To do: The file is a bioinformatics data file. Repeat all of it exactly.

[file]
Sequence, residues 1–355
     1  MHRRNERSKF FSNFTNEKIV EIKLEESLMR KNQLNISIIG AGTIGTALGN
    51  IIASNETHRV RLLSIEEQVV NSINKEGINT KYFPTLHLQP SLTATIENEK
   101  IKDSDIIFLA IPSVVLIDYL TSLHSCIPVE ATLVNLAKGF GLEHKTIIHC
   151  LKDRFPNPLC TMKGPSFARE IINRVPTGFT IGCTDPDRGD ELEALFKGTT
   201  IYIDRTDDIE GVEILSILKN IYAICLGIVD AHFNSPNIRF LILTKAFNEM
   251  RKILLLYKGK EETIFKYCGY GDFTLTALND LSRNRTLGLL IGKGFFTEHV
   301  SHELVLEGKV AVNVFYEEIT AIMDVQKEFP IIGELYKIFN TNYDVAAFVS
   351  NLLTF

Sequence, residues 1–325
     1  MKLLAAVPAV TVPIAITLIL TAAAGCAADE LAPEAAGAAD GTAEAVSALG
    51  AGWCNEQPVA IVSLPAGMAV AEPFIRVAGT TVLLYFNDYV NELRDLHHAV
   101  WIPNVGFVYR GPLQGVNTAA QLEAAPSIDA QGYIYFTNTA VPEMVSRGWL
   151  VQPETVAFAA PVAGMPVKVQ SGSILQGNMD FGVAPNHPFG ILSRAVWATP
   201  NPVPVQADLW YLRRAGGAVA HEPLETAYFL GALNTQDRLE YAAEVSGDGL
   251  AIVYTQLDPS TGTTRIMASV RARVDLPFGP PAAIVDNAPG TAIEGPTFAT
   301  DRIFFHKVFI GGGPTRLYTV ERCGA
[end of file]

Sequence, residues 1–355
     1  MHRRNERSKF FSNFTNEKIV EIKLEESLMR KNQLNISIIG AGTIGTALGN
    51  IIASNETHRV RLLSIEEQVV NSINKEGINT KYFPTLHLQP SLTATIENEK
   101  IKDSDIIFLA IPSVVLIDYL TSLHSCIPVE ATLVNLAKGF GLEHKTIIHC
   151  LKDRFPNPLC TMKGPSFARE IINRVPTGFT IGCTDPDRGD ELEALFKGTT
   201  IYIDRTDDIE GVEILSILKN IYAICLGIVD AHFNSPNIRF LILTKAFNEM
   251  RKILLLYKGK EETIFKYCGY GDFTLTALND LSRNRTLGLL IGKGFFTEHV
   301  SHELVLEGKV AVNVFYEEIT AIMDVQKEFP IIGELYKIFN TNYDVAAFVS
   351  NLLTF

Sequence, residues 1–325
     1  MKLLAAVPAV TVPIAITLIL TAAAGCAADE LAPEAAGAAD GTAEAVSALG
    51  AGWCNEQPVA IVSLPAGMAV AEPFIRVAGT TVLLYFNDYV NELRDLHHAV
   101  WIPNVGFVYR GPLQGVNTAA QLEAAPSIDA QGYIYFTNTA VPEMVSRGWL
   151  VQPETVAFAA PVAGMPVKVQ SGSILQGNMD FGVAPNHPFG ILSRAVWATP
   201  NPVPVQADLW YLRRAGGAVA HEPLETAYFL GALNTQDRLE YAAEVSGDGL
   251  AIVYTQLDPS TGTTRIMASV RARVDLPFGP PAAIVDNAPG TAIEGPTFAT
   301  DRIFFHKVFI GGGPTRLYTV ERCGA